Car review: Don’t judge the Audi RS3 Sportback by its flashy logo

Andrew Brady
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If you’re after a thrill ride, the Audi RS3 Sportback is for you. For everyone else, it’s a bit of a letdown
Do you chuckle when you press your car’s accelerator to the floor? Do you have an exhaust that barks so loudly it startles passersby? Does your car cover ground so quickly that it’s just a blur to pedestrians?
If you wish you could answer yes to these questions, then Audi’s new £40,000 RS3 could be for you. It’s a four-wheel drive hot hatch that will keep up with even the most exotic machinery. But it’s not for everyone because it has little else going for it other than its impressive speed.
Don’t get me wrong, it’s extraordinarily capable. There’s nothing this side of a track-focused Lotus Elise that’ll keep up with it for the money. But this car is stuck in the Audi rut; it obliterates the competition on paper, but prompts little more than a shrug of indifference in real life.
There’s only so much fun to be had with intense acceleration, especially on British roads. But if you want a car that does more than make you feel like an irresponsible 17-year-old discovering handbrake turns for the first time, the RS3 probably isn’t for you.
To be fair, I tried it out on the potholed roads around Rome, which didn’t help. I pinned down the accelerator and even entered bends at horrendously optimistic speeds, but you can’t really go full pelt when a pothole threatens to unseat you at a moment’s notice.
They proved effective at testing the suspension though, which is firm, even with a £2,495 “dynamic package plus” including magnetic ride. Theoretically, this makes for a more comfortable cruise along the ancient broken roads we’re used to in Britain. But the experience is still of the standard you’d expect from a sports car rather than an Audi.
It’s highly unlikely you’re going to take the RS3 on a race track, but I took it on Italy’s smooth Vallelunga circuit in the hope it would help me bond with a car that, so far, had proved to be both bland­ and too firm for real life driving conditions.
Alas, all the track did was reveal its limits. With stability control turned on, the steering gave little feedback as I started to drive wide towards the tyre wall. Suddenly, it became wallowy – something it definitely can’t be accused of on the road.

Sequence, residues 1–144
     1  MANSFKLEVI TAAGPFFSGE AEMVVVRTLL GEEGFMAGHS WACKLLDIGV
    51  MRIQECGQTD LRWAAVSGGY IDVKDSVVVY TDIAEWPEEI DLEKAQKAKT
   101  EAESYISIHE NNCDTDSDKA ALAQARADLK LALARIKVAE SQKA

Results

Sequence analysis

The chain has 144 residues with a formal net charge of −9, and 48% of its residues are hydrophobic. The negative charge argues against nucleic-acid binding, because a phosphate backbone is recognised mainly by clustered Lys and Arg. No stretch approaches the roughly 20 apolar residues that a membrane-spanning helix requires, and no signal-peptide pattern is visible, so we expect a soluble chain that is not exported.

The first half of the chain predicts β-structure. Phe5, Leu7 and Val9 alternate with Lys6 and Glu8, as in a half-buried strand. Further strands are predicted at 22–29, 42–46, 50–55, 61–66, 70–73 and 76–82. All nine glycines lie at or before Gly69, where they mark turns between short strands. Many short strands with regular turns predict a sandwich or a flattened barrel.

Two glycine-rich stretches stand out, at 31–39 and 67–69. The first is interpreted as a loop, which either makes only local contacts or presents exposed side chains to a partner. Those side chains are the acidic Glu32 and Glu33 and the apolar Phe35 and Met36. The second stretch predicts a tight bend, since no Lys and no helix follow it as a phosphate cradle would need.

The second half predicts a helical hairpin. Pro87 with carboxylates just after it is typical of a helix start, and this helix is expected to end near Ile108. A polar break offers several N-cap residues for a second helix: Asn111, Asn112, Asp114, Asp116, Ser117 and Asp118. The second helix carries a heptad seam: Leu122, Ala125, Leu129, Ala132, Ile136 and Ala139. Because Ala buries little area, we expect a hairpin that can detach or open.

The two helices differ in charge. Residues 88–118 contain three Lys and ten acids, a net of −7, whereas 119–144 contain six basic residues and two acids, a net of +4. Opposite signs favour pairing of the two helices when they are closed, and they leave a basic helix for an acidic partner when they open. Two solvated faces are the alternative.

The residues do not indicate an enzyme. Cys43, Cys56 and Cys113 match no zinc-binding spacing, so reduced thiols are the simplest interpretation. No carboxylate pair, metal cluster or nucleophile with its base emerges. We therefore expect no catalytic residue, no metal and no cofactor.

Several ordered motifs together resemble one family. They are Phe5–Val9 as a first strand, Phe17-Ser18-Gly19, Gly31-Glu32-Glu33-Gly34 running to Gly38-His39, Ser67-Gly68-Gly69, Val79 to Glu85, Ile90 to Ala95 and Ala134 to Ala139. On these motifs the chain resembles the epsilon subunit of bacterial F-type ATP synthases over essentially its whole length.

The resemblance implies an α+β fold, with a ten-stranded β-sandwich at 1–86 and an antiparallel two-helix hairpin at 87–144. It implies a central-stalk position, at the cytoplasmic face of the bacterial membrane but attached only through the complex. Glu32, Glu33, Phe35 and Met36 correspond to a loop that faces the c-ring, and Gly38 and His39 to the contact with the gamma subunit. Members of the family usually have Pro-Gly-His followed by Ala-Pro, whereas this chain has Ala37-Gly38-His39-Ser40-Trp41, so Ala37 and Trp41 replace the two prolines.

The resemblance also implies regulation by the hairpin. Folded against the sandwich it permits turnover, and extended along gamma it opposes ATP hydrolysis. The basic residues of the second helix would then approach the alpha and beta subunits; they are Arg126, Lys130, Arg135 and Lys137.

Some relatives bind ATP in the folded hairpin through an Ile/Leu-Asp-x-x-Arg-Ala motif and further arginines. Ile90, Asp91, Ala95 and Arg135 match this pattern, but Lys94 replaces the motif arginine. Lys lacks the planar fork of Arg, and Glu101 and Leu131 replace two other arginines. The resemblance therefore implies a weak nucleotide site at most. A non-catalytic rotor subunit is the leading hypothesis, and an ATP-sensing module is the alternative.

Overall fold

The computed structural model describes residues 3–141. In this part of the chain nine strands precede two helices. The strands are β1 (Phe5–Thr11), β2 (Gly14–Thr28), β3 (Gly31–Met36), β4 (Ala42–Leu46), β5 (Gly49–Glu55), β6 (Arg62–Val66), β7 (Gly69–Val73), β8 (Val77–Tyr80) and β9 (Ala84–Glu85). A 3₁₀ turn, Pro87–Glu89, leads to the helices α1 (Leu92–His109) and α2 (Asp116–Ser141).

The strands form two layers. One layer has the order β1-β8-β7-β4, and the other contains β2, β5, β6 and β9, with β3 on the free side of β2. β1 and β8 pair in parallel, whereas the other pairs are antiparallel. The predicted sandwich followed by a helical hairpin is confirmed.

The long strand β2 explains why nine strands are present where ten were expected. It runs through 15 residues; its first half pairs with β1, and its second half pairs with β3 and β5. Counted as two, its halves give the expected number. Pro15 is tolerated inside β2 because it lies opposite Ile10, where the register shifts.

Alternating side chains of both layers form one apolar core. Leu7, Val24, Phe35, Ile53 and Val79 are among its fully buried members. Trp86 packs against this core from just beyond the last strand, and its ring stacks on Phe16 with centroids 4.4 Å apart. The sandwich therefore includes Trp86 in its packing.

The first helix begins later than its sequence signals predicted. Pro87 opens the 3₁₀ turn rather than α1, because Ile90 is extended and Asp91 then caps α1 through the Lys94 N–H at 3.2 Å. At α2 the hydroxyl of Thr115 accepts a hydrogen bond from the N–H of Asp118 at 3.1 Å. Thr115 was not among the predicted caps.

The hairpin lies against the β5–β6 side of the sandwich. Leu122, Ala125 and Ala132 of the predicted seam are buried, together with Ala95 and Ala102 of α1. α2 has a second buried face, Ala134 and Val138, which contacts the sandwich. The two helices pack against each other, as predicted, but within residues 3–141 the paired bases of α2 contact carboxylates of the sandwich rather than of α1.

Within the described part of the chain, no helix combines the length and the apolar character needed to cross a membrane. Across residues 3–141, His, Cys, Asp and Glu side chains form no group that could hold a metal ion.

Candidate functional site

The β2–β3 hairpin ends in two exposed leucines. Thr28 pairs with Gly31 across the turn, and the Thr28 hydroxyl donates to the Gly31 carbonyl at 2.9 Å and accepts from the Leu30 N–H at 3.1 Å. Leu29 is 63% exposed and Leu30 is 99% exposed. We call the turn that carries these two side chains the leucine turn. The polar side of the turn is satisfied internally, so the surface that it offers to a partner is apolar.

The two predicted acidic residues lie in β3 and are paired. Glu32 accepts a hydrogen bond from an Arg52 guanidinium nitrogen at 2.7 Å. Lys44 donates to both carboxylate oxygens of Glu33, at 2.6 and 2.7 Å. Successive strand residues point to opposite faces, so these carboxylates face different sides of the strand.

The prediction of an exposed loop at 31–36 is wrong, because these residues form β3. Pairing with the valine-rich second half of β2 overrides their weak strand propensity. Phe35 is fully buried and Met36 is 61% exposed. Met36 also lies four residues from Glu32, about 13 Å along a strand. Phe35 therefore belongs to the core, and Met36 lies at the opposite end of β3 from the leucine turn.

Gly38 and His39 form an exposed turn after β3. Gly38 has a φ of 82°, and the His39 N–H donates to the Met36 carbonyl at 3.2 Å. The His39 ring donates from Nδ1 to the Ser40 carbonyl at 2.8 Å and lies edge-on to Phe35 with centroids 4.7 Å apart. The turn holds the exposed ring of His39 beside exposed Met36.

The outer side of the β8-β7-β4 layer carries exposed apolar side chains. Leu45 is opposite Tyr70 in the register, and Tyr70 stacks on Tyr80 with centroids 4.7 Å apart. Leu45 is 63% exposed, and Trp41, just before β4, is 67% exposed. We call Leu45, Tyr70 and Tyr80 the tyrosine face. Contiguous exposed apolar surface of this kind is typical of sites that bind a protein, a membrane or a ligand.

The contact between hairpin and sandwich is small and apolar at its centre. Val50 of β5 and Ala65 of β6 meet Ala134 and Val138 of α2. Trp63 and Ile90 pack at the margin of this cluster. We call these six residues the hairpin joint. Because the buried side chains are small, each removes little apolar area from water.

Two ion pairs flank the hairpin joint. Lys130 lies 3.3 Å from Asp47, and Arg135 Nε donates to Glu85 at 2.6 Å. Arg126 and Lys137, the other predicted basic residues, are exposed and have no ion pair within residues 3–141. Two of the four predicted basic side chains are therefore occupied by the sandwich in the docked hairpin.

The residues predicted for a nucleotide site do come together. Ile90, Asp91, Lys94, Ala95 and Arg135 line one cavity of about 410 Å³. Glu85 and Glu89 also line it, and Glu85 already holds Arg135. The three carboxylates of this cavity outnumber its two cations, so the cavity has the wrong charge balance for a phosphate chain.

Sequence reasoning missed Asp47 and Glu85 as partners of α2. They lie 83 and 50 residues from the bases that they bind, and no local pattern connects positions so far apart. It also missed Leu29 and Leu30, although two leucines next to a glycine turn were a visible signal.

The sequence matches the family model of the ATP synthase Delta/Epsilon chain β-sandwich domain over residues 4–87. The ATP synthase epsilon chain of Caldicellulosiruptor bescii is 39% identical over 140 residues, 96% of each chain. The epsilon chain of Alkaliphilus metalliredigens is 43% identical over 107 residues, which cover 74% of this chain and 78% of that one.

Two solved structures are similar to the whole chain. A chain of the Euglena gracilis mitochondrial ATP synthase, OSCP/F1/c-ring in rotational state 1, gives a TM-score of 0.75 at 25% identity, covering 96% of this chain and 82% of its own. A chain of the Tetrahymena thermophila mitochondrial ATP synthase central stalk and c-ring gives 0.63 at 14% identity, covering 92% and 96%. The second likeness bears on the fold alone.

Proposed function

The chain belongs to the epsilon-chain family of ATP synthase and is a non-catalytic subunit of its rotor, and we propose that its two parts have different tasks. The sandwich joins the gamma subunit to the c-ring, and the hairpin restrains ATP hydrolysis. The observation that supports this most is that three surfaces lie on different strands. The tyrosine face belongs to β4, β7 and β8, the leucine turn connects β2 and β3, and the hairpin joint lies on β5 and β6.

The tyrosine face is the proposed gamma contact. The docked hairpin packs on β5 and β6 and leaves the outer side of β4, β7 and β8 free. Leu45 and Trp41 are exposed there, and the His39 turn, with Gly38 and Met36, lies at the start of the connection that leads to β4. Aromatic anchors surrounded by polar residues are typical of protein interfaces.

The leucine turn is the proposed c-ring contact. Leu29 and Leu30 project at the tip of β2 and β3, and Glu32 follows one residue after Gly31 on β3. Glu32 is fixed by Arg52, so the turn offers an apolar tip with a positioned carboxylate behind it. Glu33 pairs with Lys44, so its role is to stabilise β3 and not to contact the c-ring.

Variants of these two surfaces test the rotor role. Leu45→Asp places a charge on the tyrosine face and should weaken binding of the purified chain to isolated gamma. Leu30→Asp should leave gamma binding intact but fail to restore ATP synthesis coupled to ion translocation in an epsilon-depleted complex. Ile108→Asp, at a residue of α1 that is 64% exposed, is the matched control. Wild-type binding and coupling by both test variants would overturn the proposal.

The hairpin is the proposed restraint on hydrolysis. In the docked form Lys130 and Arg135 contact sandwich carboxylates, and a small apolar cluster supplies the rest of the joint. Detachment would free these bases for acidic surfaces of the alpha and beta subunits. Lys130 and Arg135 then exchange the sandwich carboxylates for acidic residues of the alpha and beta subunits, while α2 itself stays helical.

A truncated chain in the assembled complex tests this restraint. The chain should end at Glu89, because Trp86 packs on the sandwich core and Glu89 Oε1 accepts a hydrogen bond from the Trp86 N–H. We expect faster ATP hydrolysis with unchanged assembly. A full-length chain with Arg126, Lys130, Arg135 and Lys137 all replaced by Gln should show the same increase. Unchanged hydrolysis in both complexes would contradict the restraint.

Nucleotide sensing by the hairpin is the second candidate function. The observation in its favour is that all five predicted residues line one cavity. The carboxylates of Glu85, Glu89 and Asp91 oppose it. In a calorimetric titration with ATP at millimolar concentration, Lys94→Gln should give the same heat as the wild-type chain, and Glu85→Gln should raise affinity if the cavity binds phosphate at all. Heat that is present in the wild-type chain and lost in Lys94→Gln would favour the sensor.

Inside the Audi RS3

For some people, the driving experience doesn’t matter, as long as it’s got an Audi badge. This alone makes it about as desirable as hot hatches come. But on closer inspection, it doesn’t really stand out from the crowd. Many hot hatches boast body kits and big wings, which admittedly aren’t to everyone’s taste. The RS3 looks far more discreet, but what’s the point of spending this kind of money on a hatchback if you can’t shout about it?
Perversely, the interior does a better job in this department. The optional sports bucket seats are finished in Nappa leather, complete with an RS3 logo embossed at the top to remind you that you’re not driving a run-of-the-mill A3.
While it’s more practical than a TT, the amount of legroom in the rear is nothing to shout about and the boot space is down 100 litres compared to the regular A3 Sportback.
Perhaps I’m being a tad harsh on the RS3. It is a stratospherically fast and capable hot hatchback, after all. But with prices starting at £40,000 (with most buyers expected to spend at least £8,000 on options), it should be brilliant, not simply adequate.
It’s not exciting in the way a hot hatch should be, as it’s just too firm to be a fast, comfortable cruiser. Add that to the fact it’s not particularly practical and it doesn’t look the part and I’m left wondering why anyone would want to buy one at all.


PRICE: £39,950
0-62MPH: 4.3 secs
TOP SPEED: 155mph
CO2 G/KM: 189g/km


DESIGN ★★★☆☆

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